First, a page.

Does dress-down Friday mean dumb-down Friday?

I love it when something new comes out that seems to challenge a particular school of thought, and the more provocative it is, the better. So when I read that dressing up (as opposed to dressing down) was a sure-fire way of boosting big-picture thinking, I was intrigued.

For well over a decade, many young businesses have been trying to move away from a traditional, corporate vibe in the workplace and inject some fun and cool into proceedings. As a result, we’ve seen funky workspaces become positively ubiquitous – in fact sticking a pile of beanbags and a giant game of Jenga in the corner of the office is pretty much the minimum any staff-friendly office can do!

Dressing down goes with the territory in the creative industries and well beyond. Ties in the workplace have become less and less common (they’re virtually unheard of in certain industries) and some businesses, especially those in the creative arena, appear to have such a casual approach to dress code that they can feel like a students’ union. But it’s all in a good cause: the idea is that when people feel relaxed and a bit more like they’re in their own home, the pressure eases off and they’ll be more productive.

But is it actually true?

According to new research from Columbia University and California State University, Northridge, called ‘The Cognitive Consquences of Formal Clothing’ – dressing up as opposed to dressing down is actually the way to go if we want to boost creative thinking. Scientists found that people who dress up tended to feel more confident and more powerful, and as a result they feel like leaders. When they feel like leaders, people tended to have a clearer idea of where they want the team to go and had ‘bigger picture’ thinking.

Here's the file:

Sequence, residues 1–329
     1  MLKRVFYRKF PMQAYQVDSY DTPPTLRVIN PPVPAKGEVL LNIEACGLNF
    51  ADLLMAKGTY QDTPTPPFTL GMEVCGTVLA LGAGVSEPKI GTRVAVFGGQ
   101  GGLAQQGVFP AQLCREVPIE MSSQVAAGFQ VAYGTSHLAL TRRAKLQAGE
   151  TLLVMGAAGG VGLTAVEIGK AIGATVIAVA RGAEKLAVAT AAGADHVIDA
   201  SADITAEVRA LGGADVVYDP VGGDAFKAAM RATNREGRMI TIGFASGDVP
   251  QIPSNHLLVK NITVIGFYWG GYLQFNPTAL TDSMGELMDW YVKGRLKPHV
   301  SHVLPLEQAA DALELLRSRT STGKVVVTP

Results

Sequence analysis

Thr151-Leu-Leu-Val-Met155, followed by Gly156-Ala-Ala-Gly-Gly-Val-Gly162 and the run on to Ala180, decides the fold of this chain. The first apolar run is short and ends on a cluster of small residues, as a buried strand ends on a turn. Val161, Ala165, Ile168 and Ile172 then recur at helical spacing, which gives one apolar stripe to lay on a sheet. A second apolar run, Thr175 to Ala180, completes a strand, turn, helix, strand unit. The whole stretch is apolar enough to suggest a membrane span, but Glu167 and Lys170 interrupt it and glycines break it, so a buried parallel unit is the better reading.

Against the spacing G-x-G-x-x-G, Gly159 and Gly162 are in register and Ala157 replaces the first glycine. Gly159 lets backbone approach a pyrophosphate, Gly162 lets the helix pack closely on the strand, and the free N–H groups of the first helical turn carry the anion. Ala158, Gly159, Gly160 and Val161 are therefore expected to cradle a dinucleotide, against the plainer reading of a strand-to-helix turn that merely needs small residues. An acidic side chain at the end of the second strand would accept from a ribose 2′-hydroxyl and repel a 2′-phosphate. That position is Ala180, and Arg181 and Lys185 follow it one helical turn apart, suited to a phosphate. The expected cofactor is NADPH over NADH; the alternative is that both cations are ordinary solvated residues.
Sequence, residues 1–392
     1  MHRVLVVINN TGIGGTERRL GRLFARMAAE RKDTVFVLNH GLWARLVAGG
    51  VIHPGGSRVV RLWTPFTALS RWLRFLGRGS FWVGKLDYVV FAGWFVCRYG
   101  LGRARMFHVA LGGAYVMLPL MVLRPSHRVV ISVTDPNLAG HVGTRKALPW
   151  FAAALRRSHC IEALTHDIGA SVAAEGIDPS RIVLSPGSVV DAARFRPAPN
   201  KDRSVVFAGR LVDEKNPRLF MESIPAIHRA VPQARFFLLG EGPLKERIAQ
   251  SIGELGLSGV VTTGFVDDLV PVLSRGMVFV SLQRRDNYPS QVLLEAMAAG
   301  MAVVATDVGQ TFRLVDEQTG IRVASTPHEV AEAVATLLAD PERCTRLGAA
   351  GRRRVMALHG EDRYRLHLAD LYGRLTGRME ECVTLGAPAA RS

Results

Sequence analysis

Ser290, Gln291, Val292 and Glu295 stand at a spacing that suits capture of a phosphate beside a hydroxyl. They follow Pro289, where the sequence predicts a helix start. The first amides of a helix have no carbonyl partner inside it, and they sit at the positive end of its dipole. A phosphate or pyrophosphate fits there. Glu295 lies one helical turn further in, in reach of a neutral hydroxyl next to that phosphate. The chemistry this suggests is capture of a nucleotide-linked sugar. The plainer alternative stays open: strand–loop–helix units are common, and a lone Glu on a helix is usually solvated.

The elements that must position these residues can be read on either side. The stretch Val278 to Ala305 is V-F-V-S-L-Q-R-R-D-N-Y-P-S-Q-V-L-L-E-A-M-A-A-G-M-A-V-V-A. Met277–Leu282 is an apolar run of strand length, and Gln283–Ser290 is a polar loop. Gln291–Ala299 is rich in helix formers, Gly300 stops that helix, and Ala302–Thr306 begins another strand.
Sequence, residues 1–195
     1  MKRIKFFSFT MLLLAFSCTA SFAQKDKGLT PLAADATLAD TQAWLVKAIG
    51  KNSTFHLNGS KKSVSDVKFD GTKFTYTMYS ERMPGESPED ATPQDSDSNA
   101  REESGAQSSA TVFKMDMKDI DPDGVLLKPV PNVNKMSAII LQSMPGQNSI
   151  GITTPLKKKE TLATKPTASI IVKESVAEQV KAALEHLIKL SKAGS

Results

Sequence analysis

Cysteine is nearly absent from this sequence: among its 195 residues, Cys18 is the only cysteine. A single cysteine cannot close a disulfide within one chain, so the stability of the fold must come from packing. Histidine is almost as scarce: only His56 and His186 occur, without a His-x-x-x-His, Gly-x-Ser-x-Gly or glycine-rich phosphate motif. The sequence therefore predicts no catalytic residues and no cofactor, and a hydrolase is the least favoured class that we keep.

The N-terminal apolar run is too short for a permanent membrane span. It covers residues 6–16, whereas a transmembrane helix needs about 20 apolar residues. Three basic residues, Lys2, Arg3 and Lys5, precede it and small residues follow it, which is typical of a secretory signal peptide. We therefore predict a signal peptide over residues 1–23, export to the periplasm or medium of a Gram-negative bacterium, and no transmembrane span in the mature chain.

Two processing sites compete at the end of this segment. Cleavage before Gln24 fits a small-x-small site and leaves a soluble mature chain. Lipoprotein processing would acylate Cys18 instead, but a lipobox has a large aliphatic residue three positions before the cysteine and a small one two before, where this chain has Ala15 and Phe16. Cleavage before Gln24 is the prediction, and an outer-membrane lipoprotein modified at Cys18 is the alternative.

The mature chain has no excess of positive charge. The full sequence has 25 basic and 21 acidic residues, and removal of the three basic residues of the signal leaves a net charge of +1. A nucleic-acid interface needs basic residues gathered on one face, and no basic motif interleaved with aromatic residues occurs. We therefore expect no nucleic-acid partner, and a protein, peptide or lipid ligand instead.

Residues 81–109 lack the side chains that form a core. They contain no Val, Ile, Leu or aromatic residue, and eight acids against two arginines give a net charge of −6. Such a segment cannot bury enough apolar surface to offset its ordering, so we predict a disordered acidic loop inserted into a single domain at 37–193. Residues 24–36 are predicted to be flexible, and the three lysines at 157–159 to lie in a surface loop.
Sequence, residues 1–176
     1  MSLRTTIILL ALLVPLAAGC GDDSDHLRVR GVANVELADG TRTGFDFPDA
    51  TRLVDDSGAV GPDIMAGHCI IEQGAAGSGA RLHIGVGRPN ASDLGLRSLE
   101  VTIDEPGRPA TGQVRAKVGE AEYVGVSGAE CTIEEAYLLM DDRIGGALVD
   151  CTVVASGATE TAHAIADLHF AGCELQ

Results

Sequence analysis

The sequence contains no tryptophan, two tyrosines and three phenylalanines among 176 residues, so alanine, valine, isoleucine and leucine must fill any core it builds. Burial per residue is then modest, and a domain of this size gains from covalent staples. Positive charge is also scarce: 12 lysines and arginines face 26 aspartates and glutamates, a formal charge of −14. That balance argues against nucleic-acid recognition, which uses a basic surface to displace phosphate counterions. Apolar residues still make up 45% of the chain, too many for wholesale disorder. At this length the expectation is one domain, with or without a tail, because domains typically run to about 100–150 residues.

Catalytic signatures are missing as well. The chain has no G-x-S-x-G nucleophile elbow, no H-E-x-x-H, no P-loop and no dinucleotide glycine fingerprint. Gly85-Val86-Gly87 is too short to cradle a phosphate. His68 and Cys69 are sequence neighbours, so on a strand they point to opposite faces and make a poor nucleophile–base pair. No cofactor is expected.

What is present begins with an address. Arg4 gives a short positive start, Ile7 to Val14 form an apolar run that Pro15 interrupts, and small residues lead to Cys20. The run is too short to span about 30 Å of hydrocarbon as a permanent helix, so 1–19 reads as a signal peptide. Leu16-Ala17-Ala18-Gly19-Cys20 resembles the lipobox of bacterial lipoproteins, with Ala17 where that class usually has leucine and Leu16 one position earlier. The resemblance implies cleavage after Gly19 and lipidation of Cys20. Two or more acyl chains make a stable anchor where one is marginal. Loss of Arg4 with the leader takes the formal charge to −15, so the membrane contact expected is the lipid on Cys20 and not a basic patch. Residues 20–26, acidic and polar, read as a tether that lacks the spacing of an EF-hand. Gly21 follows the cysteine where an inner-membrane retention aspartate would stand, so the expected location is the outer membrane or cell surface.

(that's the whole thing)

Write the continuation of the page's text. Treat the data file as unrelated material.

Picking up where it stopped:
Writing for CNN, journalist Melissa Dahl reports that the study – published in Social Psychologies and Personality Science – makes a strong case for the virtues of dressing up. She points out that the importance of clothing has been studied for more than a century, most notably by Harvard psychologist William James. He figured that clothes were so inextricably linked to identity that they were more important to your sense of who you are than your own family.

The new research, she explains, was based around an experiment in which people were asked to turn up wearing either casual clothes or outfits they’d wear to a job interview. Michael Slepian, author of the paper, says that the wearers of the smarter clothes gave answers to a series of questions that were more inclined towards abstract thinking. They would be more likely to argue, for example, that a camel could be categorised as a vehicle. The sloppy-dressers tended not to see it that way.

So is this report a nail in the coffin for offices where casual dress is the norm, or those which subscribe to the idea of dress-down Fridays?

Surely not. Dress-down Fridays are more about trying to change the mood of the office and to ease people into the weekend than tricking people into creative thinking. I’d argue that they suggest an employee-focused company with staff morale at heart. I know plenty of people who really enjoy the slightly less stuffy vibe that they feel in the office that day. I’m a big supporter of letting people wear whatever they like (within reason!) to work, and would even argue that at some agencies a more formal dress code would seem stifling.

So what about dress-up Fridays? If creativity is about doing something out of the ordinary then it might just be worth getting your best clobber out and seeing what it does to your mood and creativity!

 

 

 

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